Reported in Scientific American, This Week in World War I: November 14, 1914

French fort at Maubeuge: rotating turret hit with a large-caliber German shell. The armored cupola, containing two guns, was apparently split and the top blown off. The two soldiers standing on the shattered cupola are German. Image: Scientific American, November 14, 1914

The tactical use of artillery had been evolving in the years before the Great War: In South Africa in the Anglo-Boer War of 1899-1902 the British developed the concept of the “creeping barrage,” where a curtain of shellfire proceeded just in front of the advancing troops. The Boers had their own artillery and in one famous battle used it to decimate British troops attempting to shelter in pitifully shallow trenches on the summit of Spion Kop. In 1904, half a world away, the Japanese dragged a battery of 28-centimeter howitzers to Manchuria to pound Russian-held Port Arthur (and the Russian fleet at anchor there). Almost 17,000 shells later the port fell, and Japan was well on its way to winning the Russo-Japanese war of 1904-1905.

Before World War I strategic doctrine in both France and Belgium had called for rings of monumentally strong forts guarding strategic towns. These forts were intricately constructed, massively engineered, considered impregnable. In the struggle between attack and defense, though, the answer (especially when learning the lesson from the Japanese at Port Arthur) was clear: to defeat an immovable object, use an even more irresistible force. As the French and Belgians were building their huge forts, the Germans and Austrians had been developing giant guns, one key feature of which was that they were transportable by road. Krupp had built two 42-centimeter transportable howitzers (nicknamed “Big Bertha”); Skoda had made a number of 30.5-centimeter howitzers. The forts on the receiving end of the monster shells from these guns were destroyed in only a few days. It has been argued, though, that “only a few days” was all that was needed to slow the German advance enough to allow the Allies time to rally and counterattack at the Battle of the Marne.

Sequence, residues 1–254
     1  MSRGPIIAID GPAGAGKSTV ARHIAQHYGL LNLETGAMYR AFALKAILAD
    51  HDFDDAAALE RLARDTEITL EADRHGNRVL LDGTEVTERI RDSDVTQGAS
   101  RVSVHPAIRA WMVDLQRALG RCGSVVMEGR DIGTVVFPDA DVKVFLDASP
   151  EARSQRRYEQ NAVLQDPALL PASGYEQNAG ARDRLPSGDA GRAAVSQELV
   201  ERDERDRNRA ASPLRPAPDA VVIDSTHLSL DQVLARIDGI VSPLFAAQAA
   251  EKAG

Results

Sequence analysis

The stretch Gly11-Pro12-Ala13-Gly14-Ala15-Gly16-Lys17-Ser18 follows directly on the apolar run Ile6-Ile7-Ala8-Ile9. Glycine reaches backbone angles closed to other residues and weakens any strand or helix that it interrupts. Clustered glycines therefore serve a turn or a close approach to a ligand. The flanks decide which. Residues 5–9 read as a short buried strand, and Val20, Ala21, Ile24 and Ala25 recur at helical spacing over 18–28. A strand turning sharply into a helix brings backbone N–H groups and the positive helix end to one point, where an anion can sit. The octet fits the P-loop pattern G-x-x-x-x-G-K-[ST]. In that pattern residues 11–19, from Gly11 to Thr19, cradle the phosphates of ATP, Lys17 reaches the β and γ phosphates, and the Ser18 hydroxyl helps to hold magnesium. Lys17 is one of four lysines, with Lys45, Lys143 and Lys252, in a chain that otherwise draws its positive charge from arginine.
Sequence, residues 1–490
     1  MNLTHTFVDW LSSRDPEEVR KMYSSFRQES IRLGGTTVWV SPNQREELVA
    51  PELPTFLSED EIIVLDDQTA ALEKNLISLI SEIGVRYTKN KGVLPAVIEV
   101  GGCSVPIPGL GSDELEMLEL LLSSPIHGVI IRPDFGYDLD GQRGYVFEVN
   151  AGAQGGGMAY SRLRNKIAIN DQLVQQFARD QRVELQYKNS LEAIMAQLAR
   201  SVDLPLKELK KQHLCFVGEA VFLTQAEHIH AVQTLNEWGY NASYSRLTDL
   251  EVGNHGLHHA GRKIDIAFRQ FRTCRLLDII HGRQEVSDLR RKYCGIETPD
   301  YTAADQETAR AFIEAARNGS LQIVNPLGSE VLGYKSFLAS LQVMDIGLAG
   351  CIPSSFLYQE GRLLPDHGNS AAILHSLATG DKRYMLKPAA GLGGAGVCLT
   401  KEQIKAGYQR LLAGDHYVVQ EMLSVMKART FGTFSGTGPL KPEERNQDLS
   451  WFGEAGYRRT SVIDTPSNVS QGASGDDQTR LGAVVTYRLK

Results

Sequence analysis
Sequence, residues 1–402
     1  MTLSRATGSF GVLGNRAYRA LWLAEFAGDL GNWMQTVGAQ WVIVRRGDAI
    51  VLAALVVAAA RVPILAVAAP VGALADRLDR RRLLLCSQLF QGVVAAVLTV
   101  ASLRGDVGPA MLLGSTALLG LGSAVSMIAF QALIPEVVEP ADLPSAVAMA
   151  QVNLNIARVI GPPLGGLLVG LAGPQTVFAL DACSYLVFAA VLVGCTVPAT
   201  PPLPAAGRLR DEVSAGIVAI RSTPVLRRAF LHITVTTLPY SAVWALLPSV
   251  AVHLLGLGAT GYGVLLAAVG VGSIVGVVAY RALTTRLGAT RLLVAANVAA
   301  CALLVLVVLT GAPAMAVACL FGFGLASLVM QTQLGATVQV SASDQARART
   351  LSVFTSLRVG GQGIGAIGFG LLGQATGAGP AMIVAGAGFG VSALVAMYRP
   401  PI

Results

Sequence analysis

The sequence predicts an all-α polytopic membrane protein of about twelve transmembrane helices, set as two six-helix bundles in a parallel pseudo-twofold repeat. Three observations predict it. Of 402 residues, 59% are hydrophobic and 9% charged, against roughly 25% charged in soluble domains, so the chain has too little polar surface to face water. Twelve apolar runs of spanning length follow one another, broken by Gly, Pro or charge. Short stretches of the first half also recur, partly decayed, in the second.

The town of Malines (Mechelen) in Belgium. Our caption from 1914 says: “A public square in Malines after the second German bombardment. The terrible effect of modern shell fire is only too apparent.” Image: Scientific American, November 14, 1914

Our two images come from the opening weeks of the war, when the Germans were sweeping through Belgium and France. One of the first fortified towns encountered in France was Maubeuge, just across the border from Mons in Belgium; our photograph shows the effect of a large-caliber shell on one of the cupolas (rotating turrets) of the fort. If the effect of shellfire on heavily armored forts was astonishing, many people were shocked by the fact that unfortified towns were bombarded, and they were horrified at the damage caused by modern massed artillery fire. Our second image shows the destruction caused in Malines (Mechelen) in Belgium. Sadly, such behavior in warfare between “civilized nations” was to become commonplace.

Our full archive of the war, called Scientific American Chronicles: World War I, has many articles on the technical development of artillery from 1914-1918. It is available for purchase at